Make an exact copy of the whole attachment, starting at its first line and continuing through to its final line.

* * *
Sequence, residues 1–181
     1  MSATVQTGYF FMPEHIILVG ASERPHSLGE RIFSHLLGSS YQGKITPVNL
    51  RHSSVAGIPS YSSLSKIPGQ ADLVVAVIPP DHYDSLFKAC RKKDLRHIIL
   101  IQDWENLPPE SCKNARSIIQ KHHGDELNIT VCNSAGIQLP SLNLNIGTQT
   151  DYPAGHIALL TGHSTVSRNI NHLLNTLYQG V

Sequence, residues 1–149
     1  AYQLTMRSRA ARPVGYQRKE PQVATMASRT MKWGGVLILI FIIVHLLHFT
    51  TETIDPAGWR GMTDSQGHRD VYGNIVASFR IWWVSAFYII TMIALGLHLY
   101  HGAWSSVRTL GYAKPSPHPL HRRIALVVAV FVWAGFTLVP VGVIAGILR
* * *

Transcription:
Sequence, residues 1–181
     1  MSATVQTGYF FMPEHIILVG ASERPHSLGE RIFSHLLGSS YQGKITPVNL
    51  RHSSVAGIPS YSSLSKIPGQ ADLVVAVIPP DHYDSLFKAC RKKDLRHIIL
   101  IQDWENLPPE SCKNARSIIQ KHHGDELNIT VCNSAGIQLP SLNLNIGTQT
   151  DYPAGHIALL TGHSTVSRNI NHLLNTLYQG V

Sequence, residues 1–149
     1  AYQLTMRSRA ARPVGYQRKE PQVATMASRT MKWGGVLILI FIIVHLLHFT
    51  TETIDPAGWR GMTDSQGHRD VYGNIVASFR IWWVSAFYII TMIALGLHLY
   101  HGAWSSVRTL GYAKPSPHPL HRRIALVVAV FVWAGFTLVP VGVIAGILR